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Doges on Trial: Kleros’ Launch on Mainnet

Testing the Cryptoeconomics of Decentralized Justice…

Federico Ast
Jul 24, 2018 · 7 min read

Curated Lists: Organizing Information in Decentralized Communities

Traditional Internet companies organize information with centralized rules and moderators. Yelp!, eBay and Google all have rules to determine what restaurants, products and websites should be accepted in their listings and in which positions they should be presented to consumers. Of course, they leverage user input (e.g., reviews, reports about violations of terms and conditions, etc.), but the company always has the final word.

  1. Item X remains visible for other users during a “challenge period”. During this time, the item can be challenged by users who think it shouldn’t be allowed in the list.
  2. User B, who thinks that Item X violates the rules, challenges User A’s submission. In order to challenge the item, User B also needs to deposit some funds.
  3. A dispute arises between User A (who claims that Item X should be allowed into the list) and User B (who claims Item X shouldn’t be allowed).
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“Thanks for participating in our cryptoeconomic experiment! Woof!”

A List of Doges

At Kleros, we love the Doge (who doesn’t, right?) and we want to use crowdsourcing to create a large list of Doge images. So we will pay people to contribute with Doges to the list. However, we fear malicious users might try to submit images different than Doges or that they will just submit the same image many times.

  1. Make sure that only Doge images make it into the list.
  2. Make sure that no duplicate Doge images enter the list.

Submitters

The role of submitters is to submit images into the list. For each submission, they will need to make a deposit in ETH. After the submission is made, funds stay locked during a “challenge period”.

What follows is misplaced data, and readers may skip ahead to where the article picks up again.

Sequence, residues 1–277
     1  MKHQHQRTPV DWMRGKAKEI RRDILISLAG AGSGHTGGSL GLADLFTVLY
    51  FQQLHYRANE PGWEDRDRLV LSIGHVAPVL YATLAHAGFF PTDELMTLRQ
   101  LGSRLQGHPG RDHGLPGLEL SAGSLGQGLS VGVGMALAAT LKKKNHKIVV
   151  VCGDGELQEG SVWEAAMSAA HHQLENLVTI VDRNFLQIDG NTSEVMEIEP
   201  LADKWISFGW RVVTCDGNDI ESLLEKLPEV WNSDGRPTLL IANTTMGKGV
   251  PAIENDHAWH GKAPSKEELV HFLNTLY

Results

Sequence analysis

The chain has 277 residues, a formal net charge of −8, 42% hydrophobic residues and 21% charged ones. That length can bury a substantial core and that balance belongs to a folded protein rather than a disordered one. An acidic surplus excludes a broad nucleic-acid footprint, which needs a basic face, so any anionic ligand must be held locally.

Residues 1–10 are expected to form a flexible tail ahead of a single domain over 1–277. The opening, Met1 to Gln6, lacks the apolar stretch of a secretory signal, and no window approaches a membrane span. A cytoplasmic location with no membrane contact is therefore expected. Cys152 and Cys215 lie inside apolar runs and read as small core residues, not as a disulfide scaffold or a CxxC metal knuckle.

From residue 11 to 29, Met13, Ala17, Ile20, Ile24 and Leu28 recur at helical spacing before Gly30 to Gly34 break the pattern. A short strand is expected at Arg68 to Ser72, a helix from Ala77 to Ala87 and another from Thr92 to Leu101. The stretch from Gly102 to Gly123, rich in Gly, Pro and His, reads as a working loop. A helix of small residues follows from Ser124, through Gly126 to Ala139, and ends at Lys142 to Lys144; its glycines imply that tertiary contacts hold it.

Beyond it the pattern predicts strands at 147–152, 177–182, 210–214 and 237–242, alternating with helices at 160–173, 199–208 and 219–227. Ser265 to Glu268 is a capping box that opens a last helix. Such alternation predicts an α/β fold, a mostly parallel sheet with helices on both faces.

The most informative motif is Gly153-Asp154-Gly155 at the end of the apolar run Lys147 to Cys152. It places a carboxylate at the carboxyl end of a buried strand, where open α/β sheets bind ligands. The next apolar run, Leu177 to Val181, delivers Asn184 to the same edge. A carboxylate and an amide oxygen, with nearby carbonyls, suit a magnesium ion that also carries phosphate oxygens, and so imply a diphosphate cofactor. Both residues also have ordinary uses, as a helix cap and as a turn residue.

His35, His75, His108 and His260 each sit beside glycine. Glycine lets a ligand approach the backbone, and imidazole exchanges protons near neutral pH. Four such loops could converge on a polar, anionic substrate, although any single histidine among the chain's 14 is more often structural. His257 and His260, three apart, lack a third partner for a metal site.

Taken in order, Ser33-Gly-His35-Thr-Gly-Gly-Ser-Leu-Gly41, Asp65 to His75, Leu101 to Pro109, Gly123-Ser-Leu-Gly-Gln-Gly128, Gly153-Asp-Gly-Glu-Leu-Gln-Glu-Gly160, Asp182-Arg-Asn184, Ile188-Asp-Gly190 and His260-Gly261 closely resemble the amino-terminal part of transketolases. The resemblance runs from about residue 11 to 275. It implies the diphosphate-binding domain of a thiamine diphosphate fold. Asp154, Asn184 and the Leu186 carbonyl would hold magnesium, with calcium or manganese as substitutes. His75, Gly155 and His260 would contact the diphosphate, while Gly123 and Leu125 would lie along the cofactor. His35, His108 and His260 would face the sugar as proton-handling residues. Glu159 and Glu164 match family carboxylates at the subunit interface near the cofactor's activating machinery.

1. A prosecutor challenges the submission, in which case the image goes to dispute resolution.
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Uploader for submitting images.

Prosecutors

In traditional justice systems, prosecutors are in charge of starting legal proceedings against suspects. They “flag” suspects of having broken some community rule and then the case goes to trial.

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The home page of our Doges on Trial pilot. (Images will differ)
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If you see an image you don’t think is a doge. Send it to Trial!
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After the dispute is ruled, the losing party can appeal the jury decision and have it ruled again.

Jurors

Jurors decide whether a flagged image is a Doge or not. For each case it solves, a juror will receive a compensation in ETH that comes from the deposit of the losing party. In order to be randomly chosen to solve disputes, jurors need to deposit the PNK token (the token is important for Kleros’ incentive system to work correctly. To learn why, read this post).

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The final outcome of a case (Appeal still possible).
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What We Want to Test?

Kleros is based on the idea that economic incentives will make jurors vote honestly for the “true” answer. Our hypothesis is that “truth” will work as a Schelling Point for jurors voting independently under an incentive system such as the one in this experiment (to learn more about how the system works, read the white paper).

Want to Participate?

The experiment will launch on Tuesday July 31th. You have one week to make sure you have everything ready to participate. You will need:

  1. ETH in your Web3 browser.
  2. PNK (Kleros’ ERC20 token) in your browser.

Join Kleros!

Join the community chat on Telegram.

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Kleros

The Justice Protocol.

Thanks to Clément Lesaege

Federico Ast

Written by

Ph.D. Blockchain & Legaltech Entrepreneur. Singularity University Alumnus. Founder at Kleros. Building the Future of Law. @federicoast / federicoast.com

Kleros

Kleros

The Justice Protocol. A Dispute Resolution Layer for the decentralized age

Federico Ast

Written by

Ph.D. Blockchain & Legaltech Entrepreneur. Singularity University Alumnus. Founder at Kleros. Building the Future of Law. @federicoast / federicoast.com

Kleros

Kleros

The Justice Protocol. A Dispute Resolution Layer for the decentralized age

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